With Pesach (Passover) just around the corner, there is much that needs to be done to prepare for the yom tov (holiday). Today (Thursday, 3/22/18) was a beautiful sunny day, and as I used a power saw to cut up two wooden shipping pallets, I smiled to myself as I considered the Jewish significance of what I was doing.
Allow me to explain. Next Friday night, Jews all around the world will gather for their (first) Pesach Seder. Families and friends will recount our national history, relive the Exodus from Egypt, and participate in a variety of traditions that will create powerful memories for all involved – especially the children.
Earlier on that Friday, we will also burn some of our chometz (leavened products), as we transition to eating matzah in its place for the next eight days. What combustible items are used in the burning of that chometz? In addition to the wood that will fuel those small fires, there is another item that is traditionally used for this mitzvah – our dried up lulavim (palm branches) from the festival of Sukkos. In their previous lives, those items were essential to our celebration of Sukkos around six months ago. There is an ancient Jewish custom to let those items dry out. In order to do this, one must remove them from their plastic bags after Sukkos, or else they will become moldy. They are then used as kindling for of our pre-Pesach chometz burning.
What is the rationale for this custom? Our Sages explain, that since those items were already used once for a mitzvah, rather than simply dispose of them, we should try to see if there’s one last mitzvah for which they can be used. ‘Recycling’ them as fuel for burning our chometz before Pesach was seen as the perfect way to use those items for one final mitzvah.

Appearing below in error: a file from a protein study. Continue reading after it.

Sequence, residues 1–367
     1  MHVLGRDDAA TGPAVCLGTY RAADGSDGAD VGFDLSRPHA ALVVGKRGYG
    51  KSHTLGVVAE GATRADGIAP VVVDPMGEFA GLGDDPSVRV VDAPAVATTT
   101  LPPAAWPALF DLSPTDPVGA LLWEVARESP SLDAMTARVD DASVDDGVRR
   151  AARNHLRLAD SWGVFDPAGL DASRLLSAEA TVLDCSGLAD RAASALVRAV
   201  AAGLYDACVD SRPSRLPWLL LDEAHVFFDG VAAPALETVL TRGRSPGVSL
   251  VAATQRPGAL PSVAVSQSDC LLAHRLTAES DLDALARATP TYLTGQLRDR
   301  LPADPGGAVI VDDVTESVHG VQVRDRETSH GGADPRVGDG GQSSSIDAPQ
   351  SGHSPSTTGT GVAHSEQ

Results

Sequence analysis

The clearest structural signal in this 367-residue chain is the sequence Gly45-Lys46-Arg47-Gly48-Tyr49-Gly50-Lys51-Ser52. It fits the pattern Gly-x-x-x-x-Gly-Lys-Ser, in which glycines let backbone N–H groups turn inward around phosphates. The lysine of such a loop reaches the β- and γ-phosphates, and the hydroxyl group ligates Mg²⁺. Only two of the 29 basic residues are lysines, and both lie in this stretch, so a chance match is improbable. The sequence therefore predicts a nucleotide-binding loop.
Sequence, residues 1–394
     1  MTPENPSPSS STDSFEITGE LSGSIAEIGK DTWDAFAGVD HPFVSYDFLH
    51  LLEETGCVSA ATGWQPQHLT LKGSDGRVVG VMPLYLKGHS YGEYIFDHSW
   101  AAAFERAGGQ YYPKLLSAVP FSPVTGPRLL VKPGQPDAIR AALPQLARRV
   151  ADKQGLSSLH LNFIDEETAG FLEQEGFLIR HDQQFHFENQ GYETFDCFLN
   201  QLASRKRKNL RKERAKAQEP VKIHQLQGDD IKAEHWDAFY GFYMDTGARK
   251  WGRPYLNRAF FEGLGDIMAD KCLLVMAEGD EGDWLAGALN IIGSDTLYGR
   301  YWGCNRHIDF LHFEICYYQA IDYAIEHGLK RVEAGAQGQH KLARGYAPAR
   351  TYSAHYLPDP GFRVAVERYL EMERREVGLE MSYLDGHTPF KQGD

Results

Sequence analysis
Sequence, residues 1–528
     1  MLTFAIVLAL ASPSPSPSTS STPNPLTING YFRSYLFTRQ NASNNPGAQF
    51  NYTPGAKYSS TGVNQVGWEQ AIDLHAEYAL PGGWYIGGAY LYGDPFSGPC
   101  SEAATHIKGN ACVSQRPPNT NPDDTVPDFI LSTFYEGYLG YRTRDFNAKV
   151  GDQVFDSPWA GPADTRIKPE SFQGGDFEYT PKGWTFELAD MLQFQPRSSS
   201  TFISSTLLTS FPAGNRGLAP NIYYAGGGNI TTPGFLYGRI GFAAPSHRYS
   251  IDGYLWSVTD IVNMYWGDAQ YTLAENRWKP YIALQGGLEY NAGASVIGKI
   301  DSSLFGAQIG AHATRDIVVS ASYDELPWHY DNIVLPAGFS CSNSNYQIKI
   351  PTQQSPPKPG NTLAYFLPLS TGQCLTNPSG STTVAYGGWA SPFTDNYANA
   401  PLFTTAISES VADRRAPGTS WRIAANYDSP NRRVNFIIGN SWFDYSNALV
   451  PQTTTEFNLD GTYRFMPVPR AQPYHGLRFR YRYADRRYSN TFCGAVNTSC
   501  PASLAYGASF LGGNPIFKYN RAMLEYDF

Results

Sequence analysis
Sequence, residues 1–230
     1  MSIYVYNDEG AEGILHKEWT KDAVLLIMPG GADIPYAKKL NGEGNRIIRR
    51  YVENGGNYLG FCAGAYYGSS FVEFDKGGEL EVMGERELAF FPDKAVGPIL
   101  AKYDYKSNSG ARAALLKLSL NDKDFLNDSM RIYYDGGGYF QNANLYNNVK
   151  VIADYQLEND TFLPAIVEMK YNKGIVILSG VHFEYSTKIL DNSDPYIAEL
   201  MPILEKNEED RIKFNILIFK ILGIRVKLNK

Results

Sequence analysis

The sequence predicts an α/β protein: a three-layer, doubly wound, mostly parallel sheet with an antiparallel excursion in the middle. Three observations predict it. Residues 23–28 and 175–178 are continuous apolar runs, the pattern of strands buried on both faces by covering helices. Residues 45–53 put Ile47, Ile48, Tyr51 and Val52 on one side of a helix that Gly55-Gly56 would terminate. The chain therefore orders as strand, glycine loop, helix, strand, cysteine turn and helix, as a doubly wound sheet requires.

While our dried up lulavim can certainly add to the flames needed to burn our pre-Pesach chometz, I realized that we’ll need other wood to serve as the main fuel for that fire. Should I go out and purchase firewood? Then it hit me. Young Israel of Memphis had coordinated the purchase and shipping of close to 240 pounds of hand-made shmurah matzah for our local community. All of that matzah was delivered on two wooden pallets. By Thursday, pretty much all of that matzah had been picked up by those who ordered it, and those lonely looking empty wooden pallets were sitting near the synagogue’s trash, just waiting to be disposed of.
In a sense, those pallets had just been used for a mitzvah – after all, they played a role in supplying our community with matzah that would be used at the Pesach Seder (and beyond) in so many local homes. Why should we simply discard those wooden pallets with the trash when an opportunity to perform one last mitzvah with them would present itself in just another week? Those pallets would be the perfect fuel for YI’s pre-Pesach chometz burning!
After a quick run to Home Depot’s tool rental department to procure a small (but powerful) electric saw, I found myself in Young Israel’s parking lot cutting those two wooden shipping pallets down to size as part of my Pesach preparations. Next week, along with our dried-out lulavim, they will enable us to perform the mitzvah of burning our chometz before Pesach. Those wooden pallets have been recycled, and will soon be used in the performance of one more mitzvah.
This teaching of our Sages is obviously not limited to dried-out lulavim and wooden shipping pallets. The more ways we find to engage in the performance of mitzvos, the more our own lives will be enriched.
The words of this author reflect his/her own opinions and do not necessarily represent the official position of the Orthodox Union.